Channeling Sally Fields...reallyReallyreally.

I don't squeal. I don't repeat myself. I carry myself with dignity and grace at all times.

So what was I doing squealing in a microphone at a city mayor and show director in front of hundreds of people. "ME? You really liked my work? Really?" The show director looked decidely puzzled at this remark and I plopped my mouth shut as I realized what I was saying. I tried again,"Thank you so much, I really appreciate this, I'm just surprised." and with that I staggered back to my seat to the amused faces of my fellow artists and the husband.

I had won much to my astonishment "Best of Jewelry" in the La Quinta Art Show last year. Its not that I don't think my work is la-qunita-awardgood, GREAT! and deserving of an award, but fabricated jewelers who don't use a lot of gems, rarely win these awards. Or so I tell myself when I don't win. Plus I don't really like Best of....prizes as deep down I don't feel art should be competitive. And I have too much admiration for my fellow jewelers to think I am the "Best of them" for any given time or show. But the little girl in me loved winning.....really-a-lots.

I received a chance to be more eloquent again this year when I won 2nd place in jewelry at Scottsdale Art Show, 2009. Oh, I do like winning. But again, I look at my very talented fellow jewelers and wonder, me?

The public seems to like to see the ribbons in one's booth. Kids usually spot the ribbons first and nudge their parents into noticing. They congratulate them & I duck my head with proper humility and say "Thanks." But the kindergartener in me is doing the Snoopy Dance and squealing.


HANG ON! Here they come.

We giggled as we headed south. Reading from the 2008 La Quinta Arts Festival info, I had come to the page-long set of directions on how we were to stake our canopy. Good grief, what retired engineer did they turn loose on the staking directions? Usually all the info artists are told is to stake or weight your tent appropriately. But La Quinta told us that we MUST HAVE, 3 foot rebar no smaller then 1/2" in diameter, pounded 30" or more into the ground, tape or pipe clamped or roped (with cotton rope, not plastic rope) to our canopy legs. Good grief, talk about overkill. But once there, we did as directed, pounding away and measuring to be sure we got our rebar deep enough. And still we giggled, in our know-it-all smugness.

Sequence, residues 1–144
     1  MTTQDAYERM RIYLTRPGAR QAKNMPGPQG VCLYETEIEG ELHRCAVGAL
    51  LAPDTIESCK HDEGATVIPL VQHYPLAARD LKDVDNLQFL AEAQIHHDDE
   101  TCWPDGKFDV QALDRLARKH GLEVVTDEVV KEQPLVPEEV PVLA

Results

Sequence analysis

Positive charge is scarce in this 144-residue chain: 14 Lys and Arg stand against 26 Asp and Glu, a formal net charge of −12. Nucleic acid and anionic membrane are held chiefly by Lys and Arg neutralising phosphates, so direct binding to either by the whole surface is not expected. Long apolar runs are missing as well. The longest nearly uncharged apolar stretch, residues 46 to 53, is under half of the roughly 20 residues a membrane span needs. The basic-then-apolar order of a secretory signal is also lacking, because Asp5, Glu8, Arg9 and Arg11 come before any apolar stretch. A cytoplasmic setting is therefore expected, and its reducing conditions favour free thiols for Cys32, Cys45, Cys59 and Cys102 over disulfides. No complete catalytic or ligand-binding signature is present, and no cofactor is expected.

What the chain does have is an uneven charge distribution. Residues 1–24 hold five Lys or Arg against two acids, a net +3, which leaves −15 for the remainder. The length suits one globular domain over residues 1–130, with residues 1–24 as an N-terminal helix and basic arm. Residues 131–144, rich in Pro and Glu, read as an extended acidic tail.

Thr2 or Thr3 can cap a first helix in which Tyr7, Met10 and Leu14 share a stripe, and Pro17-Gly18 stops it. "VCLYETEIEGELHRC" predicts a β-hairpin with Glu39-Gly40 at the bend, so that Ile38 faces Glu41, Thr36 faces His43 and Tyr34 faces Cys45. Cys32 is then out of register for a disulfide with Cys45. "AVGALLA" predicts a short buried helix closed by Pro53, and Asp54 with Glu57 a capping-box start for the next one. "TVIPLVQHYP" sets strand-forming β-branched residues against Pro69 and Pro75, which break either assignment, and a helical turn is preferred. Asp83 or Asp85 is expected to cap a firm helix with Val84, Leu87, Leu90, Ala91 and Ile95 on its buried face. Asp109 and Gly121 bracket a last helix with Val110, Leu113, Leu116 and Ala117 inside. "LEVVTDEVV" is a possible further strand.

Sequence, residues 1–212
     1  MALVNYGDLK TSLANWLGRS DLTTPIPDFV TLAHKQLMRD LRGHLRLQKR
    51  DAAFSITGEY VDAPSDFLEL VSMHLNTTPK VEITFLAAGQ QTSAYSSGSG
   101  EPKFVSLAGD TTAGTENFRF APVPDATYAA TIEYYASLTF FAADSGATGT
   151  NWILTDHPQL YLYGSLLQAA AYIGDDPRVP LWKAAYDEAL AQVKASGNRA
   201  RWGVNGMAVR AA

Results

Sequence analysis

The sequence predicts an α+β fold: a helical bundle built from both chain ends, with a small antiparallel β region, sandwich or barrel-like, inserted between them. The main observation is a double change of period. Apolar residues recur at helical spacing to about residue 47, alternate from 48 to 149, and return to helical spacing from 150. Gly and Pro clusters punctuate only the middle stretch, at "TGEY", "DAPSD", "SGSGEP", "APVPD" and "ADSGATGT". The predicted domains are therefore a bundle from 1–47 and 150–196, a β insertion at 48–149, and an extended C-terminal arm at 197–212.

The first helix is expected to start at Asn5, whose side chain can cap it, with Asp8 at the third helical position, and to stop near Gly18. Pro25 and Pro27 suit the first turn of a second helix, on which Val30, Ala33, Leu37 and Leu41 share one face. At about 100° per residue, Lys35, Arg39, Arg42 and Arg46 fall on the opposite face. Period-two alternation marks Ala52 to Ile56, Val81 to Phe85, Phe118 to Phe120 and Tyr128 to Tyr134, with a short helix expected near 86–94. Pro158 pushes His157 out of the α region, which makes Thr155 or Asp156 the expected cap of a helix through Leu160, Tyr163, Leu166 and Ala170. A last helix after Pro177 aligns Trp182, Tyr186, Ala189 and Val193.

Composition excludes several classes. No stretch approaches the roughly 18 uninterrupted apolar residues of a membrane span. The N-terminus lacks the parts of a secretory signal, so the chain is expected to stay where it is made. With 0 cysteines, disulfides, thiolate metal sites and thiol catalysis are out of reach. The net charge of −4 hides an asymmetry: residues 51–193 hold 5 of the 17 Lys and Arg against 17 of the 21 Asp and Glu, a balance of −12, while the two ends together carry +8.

Then came the high winds as only a desert can know. Oh man! They weren't a woofin' about high winds. Large paintings flew through the air off of panels, trash cans twirled and the trash redistributed itself around the show. Artists scrambled to secure art and displays, festival goers alternately ducked the flying debris, or helped artists retrieved flying displays, art, and hold on. But the canopies stayed put! Not one went tumbling through the air to take out another canopy, a festival patron, or undefended pottery.

Dave & I looked at each other as the wind chaos flowed around us. We both offered an apology and thanks to whoever devised the staking rules for La Quinta. It was brilliant!

As the summer went on we had a chance to look back at La Quinta's staking instructions with fondness. Our 2008 trip to the Des Moines Art Festival fell just after their 2008 floods, torrential rains, and HIGH winds. The winds were still fierce and our well-weighted canopy swayed as it tried to break free of the 40 lb weights plus! sandbags that sat on each corner.

On asphalt our rebar stakes were useless, so we watched our canopy scutch (a derivative of scoot) along

Sandbags & weights

the ground with each heavy gust, and we dutifully moved it back into place.  The show even evacuated the public for a couple of hours while winds blasted through it. Artists were told to button up and hang on.


And so the show season of 2008 went. Heavy winds, flying art, more weights added to canopy legs, one slightly damaged tent…. Summer weather, what a bother.

We hoped for calmer weather in 2009. So far its not been auspicious. The winds found us again at Scottsdale. But we were on asphalt again, no place to pound in stakes, and we knew our 160 lbs of weights might not be enough.

Before the winds came, one kind-clever artist spent much time with his power drill, and kneepads,  screwing his fellow artists' canopy legs into the asphalt.

Screwed in for safety

Walking the show on Sunday morn I was amazed at the inventiveness of artists in tying down their tents. When in danger invent!